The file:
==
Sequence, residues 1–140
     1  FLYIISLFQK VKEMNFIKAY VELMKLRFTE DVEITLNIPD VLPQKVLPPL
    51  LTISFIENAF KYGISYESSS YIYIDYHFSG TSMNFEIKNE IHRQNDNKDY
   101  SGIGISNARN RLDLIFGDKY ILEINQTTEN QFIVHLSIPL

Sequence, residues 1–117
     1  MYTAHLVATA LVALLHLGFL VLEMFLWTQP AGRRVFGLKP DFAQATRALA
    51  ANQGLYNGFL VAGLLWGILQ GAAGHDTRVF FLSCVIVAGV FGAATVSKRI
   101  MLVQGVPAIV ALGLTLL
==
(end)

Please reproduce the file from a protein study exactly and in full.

Sequence, residues 1–140
     1  FLYIISLFQK VKEMNFIKAY VELMKLRFTE DVEITLNIPD VLPQKVLPPL
    51  LTISFIENAF KYGISYESSS YIYIDYHFSG TSMNFEIKNE IHRQNDNKDY
   101  SGIGISNARN RLDLIFGDKY ILEINQTTEN QFIVHLSIPL

Sequence, residues 1–117
     1  MYTAHLVATA LVALLHLGFL VLEMFLWTQP AGRRVFGLKP DFAQATRALA
    51  ANQGLYNGFL VAGLLWGILQ GAAGHDTRVF FLSCVIVAGV FGAATVSKRI
   101  MLVQGVPAIV ALGLTLL